Date of birth: February 17th 1972

Date of Death: March 25th 2022 (aged 50 years)






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Obituary – Shane Warne- Cricket Legend

Shane Keith Warne (13 September 1969 – 4 March 2022) was an Australian cricketer. A right-arm leg spinner, he is widely considered as one of the greatest bowlers in cricket history, and in 2000 he was selected by a panel of cricket experts as one of five Wisden Cricketers of the Century, the only specialist bowler and the only one still playing at the time.

  • Died: March 4, 2022
  • Details of death: Died of natural causes at the age of 52.


On 4 June 1993, a 23-year-old Australian with a cocky manner and peroxide blond hair ran up to the wicket at Old Trafford to deliver his first ball in Ashes cricket, said Martin Samuel in the Daily Mail. Although considered a bright prospect in Australia, nothing Shane Warne had done to this point had suggested he was anything out of the ordinary. His early Tests had been unremarkable, and a few weeks previously, in a warm-up game at Worcester, Graeme Hick had hit him to all parts of the ground. Now, from a short, casual-looking run-up, he bowled to Mike Gatting, who was on four. “Two-thirds of the way down the pitch the ball dipped into the leg-side, opening Gatting up like a can of beans, before ripping diagonally across his body to clip the outside of off-stump”, reported Mike Selvey in the next day’s Guardian. “Gatting stood his ground, not in dissent or disappointment, but in total, utter disbelief.”

The “Ball of the Century”, as it became known, turned Warne into a “cricketing superstar”, said Mike Atherton in The Times. And he remained one throughout his career, which ended 14 years later with the leg-spinner having taken 708 Test wickets, then more than any other bowler in history. But Warne wasn’t just the “greatest leg-spinner in the history of the game”, he was also one of its biggest personalities, a “force of nature” who “lived his life to the full, fitting more in one year than many others would” in a lifetime. That was why his death from a suspected heart attack last week came as such a blow. It seems inconceivable someone “so full of energy, so fizzing with the enjoyment of life’s rich possibilities” should be dead at the age of just 52.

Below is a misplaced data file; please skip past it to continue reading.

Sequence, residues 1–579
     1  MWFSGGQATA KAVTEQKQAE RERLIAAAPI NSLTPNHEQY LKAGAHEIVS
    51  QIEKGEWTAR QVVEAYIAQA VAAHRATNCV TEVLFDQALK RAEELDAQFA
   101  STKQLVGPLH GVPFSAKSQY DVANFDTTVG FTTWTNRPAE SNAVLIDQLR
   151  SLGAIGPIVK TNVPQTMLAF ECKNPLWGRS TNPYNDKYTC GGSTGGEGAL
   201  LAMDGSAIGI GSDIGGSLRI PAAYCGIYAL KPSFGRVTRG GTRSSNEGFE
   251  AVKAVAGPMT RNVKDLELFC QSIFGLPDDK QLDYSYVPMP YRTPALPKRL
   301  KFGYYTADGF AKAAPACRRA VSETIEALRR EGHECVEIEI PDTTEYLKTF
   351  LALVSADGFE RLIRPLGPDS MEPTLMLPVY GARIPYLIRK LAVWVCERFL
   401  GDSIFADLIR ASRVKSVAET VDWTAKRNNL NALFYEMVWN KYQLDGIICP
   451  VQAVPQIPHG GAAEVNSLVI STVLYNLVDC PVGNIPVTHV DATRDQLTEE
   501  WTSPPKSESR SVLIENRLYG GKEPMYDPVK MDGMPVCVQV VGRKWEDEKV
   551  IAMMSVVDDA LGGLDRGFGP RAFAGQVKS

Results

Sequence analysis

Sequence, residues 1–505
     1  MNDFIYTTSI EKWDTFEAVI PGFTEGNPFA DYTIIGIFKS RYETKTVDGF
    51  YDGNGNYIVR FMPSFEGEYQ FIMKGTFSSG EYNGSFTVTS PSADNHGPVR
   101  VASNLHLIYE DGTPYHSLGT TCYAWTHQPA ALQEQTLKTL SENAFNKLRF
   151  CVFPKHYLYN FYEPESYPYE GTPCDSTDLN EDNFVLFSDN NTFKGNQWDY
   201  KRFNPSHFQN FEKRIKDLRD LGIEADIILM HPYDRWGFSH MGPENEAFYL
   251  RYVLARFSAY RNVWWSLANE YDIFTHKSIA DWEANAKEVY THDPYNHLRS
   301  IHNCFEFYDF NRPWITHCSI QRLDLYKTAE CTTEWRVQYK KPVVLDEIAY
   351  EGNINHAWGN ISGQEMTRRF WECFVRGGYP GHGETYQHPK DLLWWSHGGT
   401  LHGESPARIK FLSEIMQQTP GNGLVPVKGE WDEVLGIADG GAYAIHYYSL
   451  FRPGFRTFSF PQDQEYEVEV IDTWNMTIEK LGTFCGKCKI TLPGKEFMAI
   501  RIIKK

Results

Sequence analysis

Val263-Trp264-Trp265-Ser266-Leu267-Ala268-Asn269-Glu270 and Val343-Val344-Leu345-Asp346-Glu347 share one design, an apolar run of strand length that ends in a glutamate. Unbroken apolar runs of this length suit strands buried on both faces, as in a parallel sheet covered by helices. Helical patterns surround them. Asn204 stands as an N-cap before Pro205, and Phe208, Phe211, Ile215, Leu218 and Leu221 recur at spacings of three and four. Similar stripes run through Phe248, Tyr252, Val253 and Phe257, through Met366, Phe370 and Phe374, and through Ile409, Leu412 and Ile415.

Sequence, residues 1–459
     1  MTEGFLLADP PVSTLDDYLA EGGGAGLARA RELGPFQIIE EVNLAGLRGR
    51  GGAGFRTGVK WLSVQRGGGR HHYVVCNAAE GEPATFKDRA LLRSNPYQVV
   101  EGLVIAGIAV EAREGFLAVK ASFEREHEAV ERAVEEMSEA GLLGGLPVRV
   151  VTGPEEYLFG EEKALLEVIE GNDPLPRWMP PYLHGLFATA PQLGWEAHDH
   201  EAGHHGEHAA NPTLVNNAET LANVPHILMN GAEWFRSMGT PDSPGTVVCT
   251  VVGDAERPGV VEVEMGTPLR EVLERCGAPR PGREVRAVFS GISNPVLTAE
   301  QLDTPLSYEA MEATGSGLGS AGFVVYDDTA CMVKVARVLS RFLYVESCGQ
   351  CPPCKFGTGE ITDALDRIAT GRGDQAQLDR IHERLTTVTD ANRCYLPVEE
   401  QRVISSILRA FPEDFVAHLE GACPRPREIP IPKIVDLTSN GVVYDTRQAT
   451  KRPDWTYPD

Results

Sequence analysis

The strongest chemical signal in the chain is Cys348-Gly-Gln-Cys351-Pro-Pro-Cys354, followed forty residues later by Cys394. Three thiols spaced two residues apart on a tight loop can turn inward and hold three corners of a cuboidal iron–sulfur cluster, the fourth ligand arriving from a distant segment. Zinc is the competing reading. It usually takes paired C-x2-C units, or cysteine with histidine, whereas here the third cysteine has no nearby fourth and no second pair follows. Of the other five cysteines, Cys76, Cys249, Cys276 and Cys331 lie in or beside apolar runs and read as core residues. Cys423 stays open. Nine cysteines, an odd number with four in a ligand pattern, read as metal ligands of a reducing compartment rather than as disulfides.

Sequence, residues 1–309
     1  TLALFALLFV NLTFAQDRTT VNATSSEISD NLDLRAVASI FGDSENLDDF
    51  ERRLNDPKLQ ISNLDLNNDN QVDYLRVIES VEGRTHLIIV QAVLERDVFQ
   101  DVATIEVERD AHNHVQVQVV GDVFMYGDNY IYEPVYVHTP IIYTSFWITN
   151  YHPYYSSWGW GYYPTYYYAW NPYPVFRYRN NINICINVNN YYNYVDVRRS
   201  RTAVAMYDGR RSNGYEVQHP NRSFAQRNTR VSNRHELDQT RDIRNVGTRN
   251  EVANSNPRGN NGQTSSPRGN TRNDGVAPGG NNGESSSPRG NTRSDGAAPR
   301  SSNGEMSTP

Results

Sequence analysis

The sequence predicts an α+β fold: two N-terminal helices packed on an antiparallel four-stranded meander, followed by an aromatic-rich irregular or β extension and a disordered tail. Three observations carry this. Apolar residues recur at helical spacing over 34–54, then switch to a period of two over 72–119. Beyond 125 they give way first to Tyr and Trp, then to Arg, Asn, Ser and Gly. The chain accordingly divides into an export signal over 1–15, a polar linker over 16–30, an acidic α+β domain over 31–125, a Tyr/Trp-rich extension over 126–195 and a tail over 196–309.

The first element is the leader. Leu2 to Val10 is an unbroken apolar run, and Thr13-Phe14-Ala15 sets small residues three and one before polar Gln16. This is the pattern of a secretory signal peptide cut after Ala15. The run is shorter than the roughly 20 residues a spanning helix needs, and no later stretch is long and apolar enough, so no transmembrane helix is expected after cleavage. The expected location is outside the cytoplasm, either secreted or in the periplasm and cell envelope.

Warne was born in 1969 in the Melbourne suburb of Ferntree Gully, said The Daily Telegraph. His father, an insurance consultant, and his German-born mother were both “natural athletes” who encouraged Shane and his brother Jason to try “all kinds of sports”. Warne’s first love was Australian rules football, which he dreamed of playing professionally. He only took up cricket seriously in his late teens, after being rejected by one of Melbourne’s biggest Aussie Rules clubs. It soon became apparent that he “possessed an extraordinary capacity to spin the ball”, largely due to his phenomenal upper body strength: something he attributed to a period as an eight-year-old which he’d spent dragging himself around in a cart, after breaking both legs in an accident.


Once Warne hit his stride in the Test arena, his impact on the game was incalculable, said Matthew Engel in The Guardian. He joined an already formidable Australian team and made it “overwhelmingly stronger”. And he “single-handedly revived the discipline of leg-spin”, which had become “almost a lost art” in a sport dominated by fast bowlers. Combining his prodigious spin with “rare consistency for a wrist-spinner”, Warne would “attack right from the start of a spell”, said Vic Marks in the same paper, staring down batsmen in a cocksure manner and often sledging them mercilessly as well. Under such pressures, batsmen would often cave in psychologically, resorting to “desperate acts of foolishness”.

Warne embodied the Australian archetype: a “larrikin” – a scrape-prone young man with a heart of gold, said The Times. And over time, his off-field antics became almost as notorious as his cricketing achievements. “There were brawls, betting scandals, drug controversies and sexual peccadilloes, such as in 2006, when he was secretly filmed ‘romping’ with two models who sold the story to a tabloid.” While none of this dented his popularity, it put paid to his hopes of ever captaining his country. And that’s arguably a shame, said Ed Smith in The Sunday Times, because “Warne’s cricketing intelligence was superb”. He planned each over meticulously, and had “great insights about wider trends” in the sport. In retirement, at least, his more reflective side got a chance to reveal itself, as he became a respected commentator.
Warne was someone with “no airs”, said Mike Atherton. Like most great sportsmen, he was “often surrounded by the monied” – but he always treated “ordinary folk” as he would anyone else. His death took place at a resort in Thailand, where he was holidaying with friends. One revealed that he and Warne had shared a meal of toast and Vegemite hours before the cricketer died. “Geez,” the friend reported Warne remarking, “you can’t beat Vegemite with some butter, always great wherever you are in the world.” He was an Australian “through and through”, to the last. 

Date of birth: September 13th 1969

Date of Death: March 4th 2022 (aged 52 years)